Subject: RE: compatibility and the OSD
From: "Lawrence Rosen" <lrosen@rosenlaw.com>
Date: Sat, 25 Sep 2004 19:28:38 -0700

 Sat, 25 Sep 2004 19:28:38 -0700
What's wrong with the Sun Industry Standards Source License (SISSL) for this
purpose? It is already approved by OSI as an open source license. 

I note that JAVA is not made available by Sun under the SISSL.

/Larry

Lawrence Rosen 
Rosenlaw & Einschlag, technology law offices (www.rosenlaw.com)
3001 King Ranch Road, Ukiah, CA 95482 
707-485-1242 * fax: 707-485-1243 
email: lrosen@rosenlaw.com 



> -----Original Message-----
> From: Kevin Bedell [mailto:kevin@kbedell.com]
> Sent: Saturday, September 25, 2004 7:04 PM
> To: license-discuss@opensource.org
> Subject: Re: compatibility and the OSD
> 
> At the risk of beating a dead horse...
> 
> >
> > > Care to share *why* you're concerned about incompatibility?
> >
> 
> The more I think about this, the more it seems like this is a classic
> example of
> what I'd call 'Open Source/Closed Standards'.
> 
> Any company that would want to define a standard API and release an open
> source
> implementation of that API would be apprehensive that 'the open source
> community' would take the open source code and release derivative works
> that
> extend/enhance that API (or even change the API itself).
> 
> For example, imagine that Sun were to release Java under an OSD-compatible
> license. They would want to make sure that they (or at least the JCP
> process)
> were still able to maintain control of Java from an API perspective.
> 
> [Of course, my picking Java here doesn't mean I know anything about why
> Bob is
> concerned about this topic. It's just a convenient example.]
> 
> The most likely way to open source Java would be to also release a
> Reference
> Implementation (RI) and a Technology Compatibility Kit (TCK). I believe
> that
> the JCP process requires this already (at least in some cases).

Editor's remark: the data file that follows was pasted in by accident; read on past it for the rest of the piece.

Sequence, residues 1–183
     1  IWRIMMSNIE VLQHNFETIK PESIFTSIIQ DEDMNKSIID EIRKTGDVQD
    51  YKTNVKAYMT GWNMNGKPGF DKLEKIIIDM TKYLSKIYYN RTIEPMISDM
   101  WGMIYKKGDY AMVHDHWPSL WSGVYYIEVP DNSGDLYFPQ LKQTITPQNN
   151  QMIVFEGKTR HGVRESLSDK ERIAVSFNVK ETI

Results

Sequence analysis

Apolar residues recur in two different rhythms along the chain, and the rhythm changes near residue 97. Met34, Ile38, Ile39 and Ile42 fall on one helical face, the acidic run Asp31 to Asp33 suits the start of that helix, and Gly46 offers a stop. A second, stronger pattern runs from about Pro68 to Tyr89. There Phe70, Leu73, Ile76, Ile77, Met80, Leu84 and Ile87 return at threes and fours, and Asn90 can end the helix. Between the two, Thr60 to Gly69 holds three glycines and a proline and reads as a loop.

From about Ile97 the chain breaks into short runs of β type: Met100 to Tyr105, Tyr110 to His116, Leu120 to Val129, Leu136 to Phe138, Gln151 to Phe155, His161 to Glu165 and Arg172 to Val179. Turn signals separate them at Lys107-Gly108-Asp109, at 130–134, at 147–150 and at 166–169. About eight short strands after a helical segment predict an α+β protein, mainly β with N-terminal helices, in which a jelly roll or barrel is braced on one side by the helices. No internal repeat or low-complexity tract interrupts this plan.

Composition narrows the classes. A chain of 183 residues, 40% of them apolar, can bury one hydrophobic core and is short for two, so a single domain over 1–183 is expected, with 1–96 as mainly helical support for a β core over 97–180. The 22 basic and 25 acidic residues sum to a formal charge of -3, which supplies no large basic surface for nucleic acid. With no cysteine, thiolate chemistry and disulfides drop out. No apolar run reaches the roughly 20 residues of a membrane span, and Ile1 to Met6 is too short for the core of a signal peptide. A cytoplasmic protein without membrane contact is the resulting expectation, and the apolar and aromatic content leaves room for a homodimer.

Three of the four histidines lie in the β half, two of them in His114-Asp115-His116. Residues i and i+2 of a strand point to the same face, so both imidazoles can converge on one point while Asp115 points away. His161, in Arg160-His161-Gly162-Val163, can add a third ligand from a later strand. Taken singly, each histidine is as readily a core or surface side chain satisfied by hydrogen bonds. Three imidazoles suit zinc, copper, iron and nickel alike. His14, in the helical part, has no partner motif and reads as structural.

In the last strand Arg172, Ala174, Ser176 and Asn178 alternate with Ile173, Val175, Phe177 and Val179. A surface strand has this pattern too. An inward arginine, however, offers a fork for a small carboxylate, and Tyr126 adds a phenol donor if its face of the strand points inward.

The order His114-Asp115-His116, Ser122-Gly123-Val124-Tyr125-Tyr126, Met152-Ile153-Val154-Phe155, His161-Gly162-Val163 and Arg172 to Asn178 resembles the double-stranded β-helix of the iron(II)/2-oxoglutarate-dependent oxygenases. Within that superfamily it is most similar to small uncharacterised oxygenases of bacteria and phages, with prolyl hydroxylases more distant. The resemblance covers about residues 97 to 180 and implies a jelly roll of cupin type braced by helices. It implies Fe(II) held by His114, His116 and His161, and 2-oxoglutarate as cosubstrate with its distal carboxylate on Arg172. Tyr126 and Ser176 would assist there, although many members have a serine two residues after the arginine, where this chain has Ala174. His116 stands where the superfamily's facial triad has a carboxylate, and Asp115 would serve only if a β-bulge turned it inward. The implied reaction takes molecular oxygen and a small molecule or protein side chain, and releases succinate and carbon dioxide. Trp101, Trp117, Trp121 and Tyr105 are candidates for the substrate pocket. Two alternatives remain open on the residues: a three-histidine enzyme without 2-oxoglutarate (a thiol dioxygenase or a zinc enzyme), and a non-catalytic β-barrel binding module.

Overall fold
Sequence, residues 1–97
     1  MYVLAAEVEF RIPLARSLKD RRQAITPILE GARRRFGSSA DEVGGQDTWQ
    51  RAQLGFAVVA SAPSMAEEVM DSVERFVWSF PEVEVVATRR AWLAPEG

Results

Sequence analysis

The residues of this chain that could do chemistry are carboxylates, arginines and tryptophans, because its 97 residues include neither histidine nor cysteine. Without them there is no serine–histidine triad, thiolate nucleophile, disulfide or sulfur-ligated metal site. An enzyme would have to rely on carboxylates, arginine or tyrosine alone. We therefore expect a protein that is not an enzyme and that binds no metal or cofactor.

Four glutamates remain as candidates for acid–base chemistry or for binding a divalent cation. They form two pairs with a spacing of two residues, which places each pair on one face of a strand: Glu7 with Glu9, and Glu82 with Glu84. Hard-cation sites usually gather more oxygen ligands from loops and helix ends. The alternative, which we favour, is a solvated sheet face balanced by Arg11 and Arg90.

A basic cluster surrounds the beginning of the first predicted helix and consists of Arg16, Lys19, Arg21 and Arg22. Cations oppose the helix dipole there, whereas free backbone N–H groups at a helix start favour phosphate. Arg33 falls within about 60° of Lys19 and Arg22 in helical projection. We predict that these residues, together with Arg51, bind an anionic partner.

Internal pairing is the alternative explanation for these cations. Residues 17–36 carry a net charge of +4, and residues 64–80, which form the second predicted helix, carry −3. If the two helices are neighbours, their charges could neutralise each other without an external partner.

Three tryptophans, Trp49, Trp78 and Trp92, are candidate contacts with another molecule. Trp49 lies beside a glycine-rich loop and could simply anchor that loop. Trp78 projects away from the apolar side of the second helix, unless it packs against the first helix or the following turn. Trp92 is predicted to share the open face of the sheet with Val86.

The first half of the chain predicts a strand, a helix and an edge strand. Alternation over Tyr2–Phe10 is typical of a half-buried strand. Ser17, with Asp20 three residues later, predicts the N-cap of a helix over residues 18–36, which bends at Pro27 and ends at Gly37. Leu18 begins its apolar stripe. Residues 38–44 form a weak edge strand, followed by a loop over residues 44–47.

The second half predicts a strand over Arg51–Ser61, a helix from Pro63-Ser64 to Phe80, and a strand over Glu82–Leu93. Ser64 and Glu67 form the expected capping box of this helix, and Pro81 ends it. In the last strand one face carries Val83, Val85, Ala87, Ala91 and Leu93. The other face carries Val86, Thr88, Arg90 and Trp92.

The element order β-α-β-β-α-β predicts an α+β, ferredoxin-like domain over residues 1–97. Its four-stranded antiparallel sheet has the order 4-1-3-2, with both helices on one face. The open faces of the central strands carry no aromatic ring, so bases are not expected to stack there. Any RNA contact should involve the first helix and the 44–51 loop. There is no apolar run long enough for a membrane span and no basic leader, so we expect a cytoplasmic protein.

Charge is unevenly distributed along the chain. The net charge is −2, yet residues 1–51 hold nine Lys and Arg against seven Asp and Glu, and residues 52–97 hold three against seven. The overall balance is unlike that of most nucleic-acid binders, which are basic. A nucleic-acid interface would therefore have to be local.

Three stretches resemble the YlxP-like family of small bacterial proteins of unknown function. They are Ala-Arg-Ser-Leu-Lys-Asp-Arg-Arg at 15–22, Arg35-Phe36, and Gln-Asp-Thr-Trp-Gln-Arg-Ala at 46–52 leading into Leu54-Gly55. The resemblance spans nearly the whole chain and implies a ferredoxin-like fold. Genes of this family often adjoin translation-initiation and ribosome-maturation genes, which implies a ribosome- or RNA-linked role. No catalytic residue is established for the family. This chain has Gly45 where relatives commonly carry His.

> 
> Then, the open source license would need to dictate that derivative works
> were
> fine as long as they still passed the tests in the TCK. Otherwise, there
> would
> be limitations to the ability to redistribute derivative works. No
> 'derivative
> works' would be allowable for the TCK.
> 
> This has the effect of allowing the company to own the standard while the
> open
> source community can deliver ever-improving implementations of the
> standard.
> 
> Without this limitation (i.e., under Open Source/Open Standards), the open
> source community could deliver derivative implementations of the
> technology
> that diverge from the standard. If these 'derivative' implementations
> became
> widely adopted, then the Sun could risk a battle to have *their* version
> of
> Java remain the standard. I'm sure that putting themselves in the position
> of
> having to 'out innovate' the open source community is not something that
> Sun
> likely wants to do.
> 
> Worse yet, imagine if IBM (or even Microsoft) were to deliver a derivative
> of
> Java that diverged from the TCK. With their market clout, they could
> literally
> rest control of Java from Sun. (And this would likely happen as fast as
> you
> could say 'embrace and extend'.)
> 
> Some concerns I'd have about approving this would be:
> 
>  o How exhaustive and complex would the TCK be?  Could a single developer
> run
> and pass the TCK as part of a normal 'build process', or would it contain
> thousands of individual tests and require complex setup to work? (Think of
> the
> JAX-RPC TCK or the WS-I Basic Profile test harness here.)
> 
>  o Would the TCK require third-party libraries that are not open source
> and are
> not free (as in beer)?
> 
> So is this bad? I don't believe so. I think that for a company to open
> source a
> technology as core as Java is to Sun, they would need the assurance that
> they
> could retain their control over the technology they created.
> 
> On the other hand, as more and larger companies attempt to 'open source'
> their
> core technologies it may be worth considering at some point how to alter
> the
> OSD to make a distintion between Open Source/Open Standards and Open
> Source/Closed Standards and to allow companies a way to do either without
> having to perform licensing gymnastics to do so.
> 
> -kevin
> 
> 
> 
> 
> 
> Kevin Bedell
> Black Duck Software
> http://www.blackducksoftware.com
> 
> "Imagination is more important than knowledge."
>  - Albert Einstein
> 
> 
> 
> 
> 
> 
> 
> 
>